“Behavior is communication. Change the environment and behaviors will change.” – Lana David

I’ve often times been afraid to talk about the problems I have within my daily life and my family. In today’s politically charged climate I have found it easier to stay silent and censor myself than to upset my client base. It isn’t that I don’t want my clientele to get to know me, because nothing could be further from the truth. I have just found that it is easier to stay silent than to have long drawn out conversations on politics or anything that could be perceived as a “hot button” issue.

Take the discussion about special needs children. Over the course of the laIt year I have watched my children’s father mentally struggle with having coworkers who honestly believe that many special needs children should be locked away in institutions, special schools, or removed from public education entirely. More often than not special needs children are regarded as “less than desirable” or “retarded”, and I have listened to the conflict that their father has with working in such a hostile environment.

This is why I try to stay silent.

As a mother to a special needs child, I find it difficult to discuss such issues with people of “normal” children. Don’t get me wrong…I would love nothing more than to increase the understanding of the world around me that these children deserve the same kind of compassion and consideration as any other child. But is that really true? Simple fact of the matter is…our laws and education system is failing special needs children.

Take my son, Jakobe, for instance. I have advocated since he started in school that he needs more than a general education classroom can provide. Yes, he is a very smart child. But as he suffers from his symptoms of Autism, ADHD, and suspected bipolar disorder he is continuously falling behind socially with his peers. He is struggling with impulse control and mood regulation. Simple fact of the matter is…a general education classroom caters to his educational needs, does not in any way favor his needs for more individualized care and inability to regulate his moods. And this has become more apparent as the school year progresses.

This week has been an eye opener for the school district. As his IEP conference meeting approaches, they are now scrambling to figure out their next move to meet both law and his needs. The law dictates that he be placed in the most least restrictive environment, and this is something that I never have agreed with. Once again I am going to be advocating for a more structured and routine classroom, but thankfully I finally find myself in a position where they may ACTUALLY listen.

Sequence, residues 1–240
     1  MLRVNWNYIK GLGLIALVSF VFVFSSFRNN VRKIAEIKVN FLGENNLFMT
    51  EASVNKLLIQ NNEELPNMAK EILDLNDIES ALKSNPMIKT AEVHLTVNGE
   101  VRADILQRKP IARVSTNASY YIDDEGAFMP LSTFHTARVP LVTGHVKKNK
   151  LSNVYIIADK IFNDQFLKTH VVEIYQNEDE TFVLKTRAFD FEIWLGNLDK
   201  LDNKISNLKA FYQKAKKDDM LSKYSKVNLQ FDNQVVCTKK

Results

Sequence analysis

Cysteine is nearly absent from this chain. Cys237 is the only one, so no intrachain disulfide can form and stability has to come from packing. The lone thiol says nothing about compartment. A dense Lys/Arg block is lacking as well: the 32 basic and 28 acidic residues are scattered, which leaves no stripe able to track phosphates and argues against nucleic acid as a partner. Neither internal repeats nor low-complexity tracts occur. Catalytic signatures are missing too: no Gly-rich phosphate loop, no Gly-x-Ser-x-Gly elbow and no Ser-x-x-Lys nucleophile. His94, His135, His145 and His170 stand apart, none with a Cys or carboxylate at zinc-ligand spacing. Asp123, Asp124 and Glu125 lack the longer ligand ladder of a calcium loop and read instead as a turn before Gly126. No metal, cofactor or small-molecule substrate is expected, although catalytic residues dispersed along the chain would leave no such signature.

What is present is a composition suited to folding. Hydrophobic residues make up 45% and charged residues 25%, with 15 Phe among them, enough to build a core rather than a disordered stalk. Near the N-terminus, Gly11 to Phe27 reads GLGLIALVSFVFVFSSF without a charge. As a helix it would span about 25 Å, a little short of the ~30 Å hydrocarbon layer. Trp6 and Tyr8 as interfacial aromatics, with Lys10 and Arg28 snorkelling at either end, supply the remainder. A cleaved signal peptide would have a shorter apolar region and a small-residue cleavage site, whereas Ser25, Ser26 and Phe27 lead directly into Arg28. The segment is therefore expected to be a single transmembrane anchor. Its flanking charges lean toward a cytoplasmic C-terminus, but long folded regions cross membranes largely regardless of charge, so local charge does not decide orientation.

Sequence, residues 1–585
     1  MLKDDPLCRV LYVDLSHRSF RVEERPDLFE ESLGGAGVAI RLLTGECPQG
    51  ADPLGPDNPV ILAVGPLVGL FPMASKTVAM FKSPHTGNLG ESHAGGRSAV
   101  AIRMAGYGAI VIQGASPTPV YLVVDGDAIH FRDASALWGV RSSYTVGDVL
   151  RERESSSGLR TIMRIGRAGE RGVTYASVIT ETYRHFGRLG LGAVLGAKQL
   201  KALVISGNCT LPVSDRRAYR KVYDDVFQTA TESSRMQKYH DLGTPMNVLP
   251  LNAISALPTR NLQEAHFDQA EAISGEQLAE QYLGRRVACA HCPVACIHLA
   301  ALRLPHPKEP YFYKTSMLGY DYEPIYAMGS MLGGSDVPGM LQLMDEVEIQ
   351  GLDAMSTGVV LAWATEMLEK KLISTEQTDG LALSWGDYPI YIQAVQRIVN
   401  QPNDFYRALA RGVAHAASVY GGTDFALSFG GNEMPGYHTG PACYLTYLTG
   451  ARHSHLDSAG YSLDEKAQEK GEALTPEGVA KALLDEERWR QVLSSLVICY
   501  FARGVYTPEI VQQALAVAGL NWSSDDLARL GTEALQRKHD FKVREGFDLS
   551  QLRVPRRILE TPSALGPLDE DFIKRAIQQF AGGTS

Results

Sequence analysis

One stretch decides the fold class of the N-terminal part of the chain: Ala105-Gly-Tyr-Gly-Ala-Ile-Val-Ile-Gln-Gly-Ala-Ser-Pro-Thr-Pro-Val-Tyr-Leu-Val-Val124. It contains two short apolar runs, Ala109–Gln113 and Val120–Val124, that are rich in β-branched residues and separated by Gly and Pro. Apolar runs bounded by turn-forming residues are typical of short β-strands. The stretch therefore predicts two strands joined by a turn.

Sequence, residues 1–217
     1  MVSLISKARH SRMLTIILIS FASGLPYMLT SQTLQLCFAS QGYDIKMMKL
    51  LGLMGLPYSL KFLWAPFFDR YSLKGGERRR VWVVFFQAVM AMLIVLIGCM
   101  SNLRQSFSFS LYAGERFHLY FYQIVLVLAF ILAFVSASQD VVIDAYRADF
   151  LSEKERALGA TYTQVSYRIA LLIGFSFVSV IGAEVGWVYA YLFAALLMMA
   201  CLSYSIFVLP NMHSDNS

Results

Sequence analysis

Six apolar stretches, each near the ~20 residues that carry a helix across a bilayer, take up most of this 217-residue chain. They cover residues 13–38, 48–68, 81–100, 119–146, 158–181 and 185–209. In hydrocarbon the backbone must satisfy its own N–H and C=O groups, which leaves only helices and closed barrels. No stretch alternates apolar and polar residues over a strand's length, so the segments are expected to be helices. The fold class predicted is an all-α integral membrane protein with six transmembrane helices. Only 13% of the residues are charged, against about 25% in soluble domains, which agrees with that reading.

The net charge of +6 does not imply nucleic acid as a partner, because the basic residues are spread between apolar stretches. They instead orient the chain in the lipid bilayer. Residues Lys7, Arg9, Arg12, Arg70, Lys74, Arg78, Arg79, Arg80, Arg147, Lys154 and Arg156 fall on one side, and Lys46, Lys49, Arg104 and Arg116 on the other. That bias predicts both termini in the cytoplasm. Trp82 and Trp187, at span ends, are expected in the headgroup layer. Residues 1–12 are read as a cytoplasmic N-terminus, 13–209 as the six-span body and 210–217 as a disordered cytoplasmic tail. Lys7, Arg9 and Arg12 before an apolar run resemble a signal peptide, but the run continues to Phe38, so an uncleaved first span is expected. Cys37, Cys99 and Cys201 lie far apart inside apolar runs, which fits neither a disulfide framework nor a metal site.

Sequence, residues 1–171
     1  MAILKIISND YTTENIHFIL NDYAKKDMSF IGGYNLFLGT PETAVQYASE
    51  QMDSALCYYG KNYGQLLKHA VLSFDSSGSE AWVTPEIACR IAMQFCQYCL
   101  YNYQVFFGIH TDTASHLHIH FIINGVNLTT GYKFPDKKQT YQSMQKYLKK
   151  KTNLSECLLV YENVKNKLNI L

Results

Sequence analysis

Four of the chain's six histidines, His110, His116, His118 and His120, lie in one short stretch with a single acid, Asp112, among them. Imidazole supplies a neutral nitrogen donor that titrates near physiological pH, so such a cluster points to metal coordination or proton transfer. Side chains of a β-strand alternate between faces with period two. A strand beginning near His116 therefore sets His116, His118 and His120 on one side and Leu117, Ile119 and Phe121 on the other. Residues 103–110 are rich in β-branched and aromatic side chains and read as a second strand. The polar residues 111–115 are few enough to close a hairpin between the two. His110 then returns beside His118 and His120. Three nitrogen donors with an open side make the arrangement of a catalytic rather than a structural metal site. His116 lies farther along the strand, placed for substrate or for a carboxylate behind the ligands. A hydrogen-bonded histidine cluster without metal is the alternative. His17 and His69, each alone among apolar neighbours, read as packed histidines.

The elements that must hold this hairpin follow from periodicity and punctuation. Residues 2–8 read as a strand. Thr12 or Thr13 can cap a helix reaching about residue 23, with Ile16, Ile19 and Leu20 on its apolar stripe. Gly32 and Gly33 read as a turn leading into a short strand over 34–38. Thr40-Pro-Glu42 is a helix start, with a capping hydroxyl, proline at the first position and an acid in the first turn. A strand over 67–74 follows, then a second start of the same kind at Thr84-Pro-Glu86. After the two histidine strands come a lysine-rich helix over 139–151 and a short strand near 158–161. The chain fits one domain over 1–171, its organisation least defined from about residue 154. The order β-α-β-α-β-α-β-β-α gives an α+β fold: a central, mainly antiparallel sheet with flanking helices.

So what has caused this drastic change? His violence. In the last week alone he has punched five of his classmates, and today he stabbed a child with a pencil. Other parents are starting to raise their concern for their children’s safety in the classroom…and I do not for one minute blame them. I do not in any way condone what Jakobe has done. I’m sick over it, actually. But the school cannot for one minute say that I have not been warning them. This is THEIR fault.

I have not failed my child. No matter how much I try to place the blame squarely on my shoulders his behavior has nothing to do with how I may or may not have failed him. Nothing could be further from the truth. I knew he was autistic when he was born. All the signs were there….the lack of eye contact, the problem with regulating his emotions as he aged, the repetitive behavior, the developmental and speech delays. I spent the next 18-24 months trying to get him the help that he needed, the next several years shuffling him between a variety of therapies and doctors. He spent age 3-5 in developmental pre-school, and even now as he is 8 years old I am shuffling him between psychiatry and school on a regular basis. I even signed him up for therapy services that can be conducted through the school so he is getting school based help.

This has come at a cost….both financially and emotionally. What could I have done differently? Very few things come to mind.

So now, here I am. Faced with a child that is not getting the support he needs in school with a school unsure on how to serve him in the future. His meds have seemed to stopped working, so once again I am scheduling an emergency appointment to ask for guidance on how to proceed. I know what is coming – short term residential care – and I am terrified.

So as I sit here writing this – giving you a brief glimpse into my life – know that I don’t do so lightly. People often forget that while I am a photographer I am a person and mother first. I cannot handle the weight of the world alone….so I will shout to the rooftops that I am struggling. I am scared. I feel like I am failing.

…but the one thing I will NOT tolerate is the language of the coworkers my children’s father face. Maybe my son shouldn’t be in general education. And maybe he should be in an institution – at least while we get his medication adjusted – to keep his sister and other children he has access to safe. But the one thing my child is not is “retarded”. I can stay silent no longer. I cannot brush my life under a rug and pretend that I am “a-okay”. I’m not.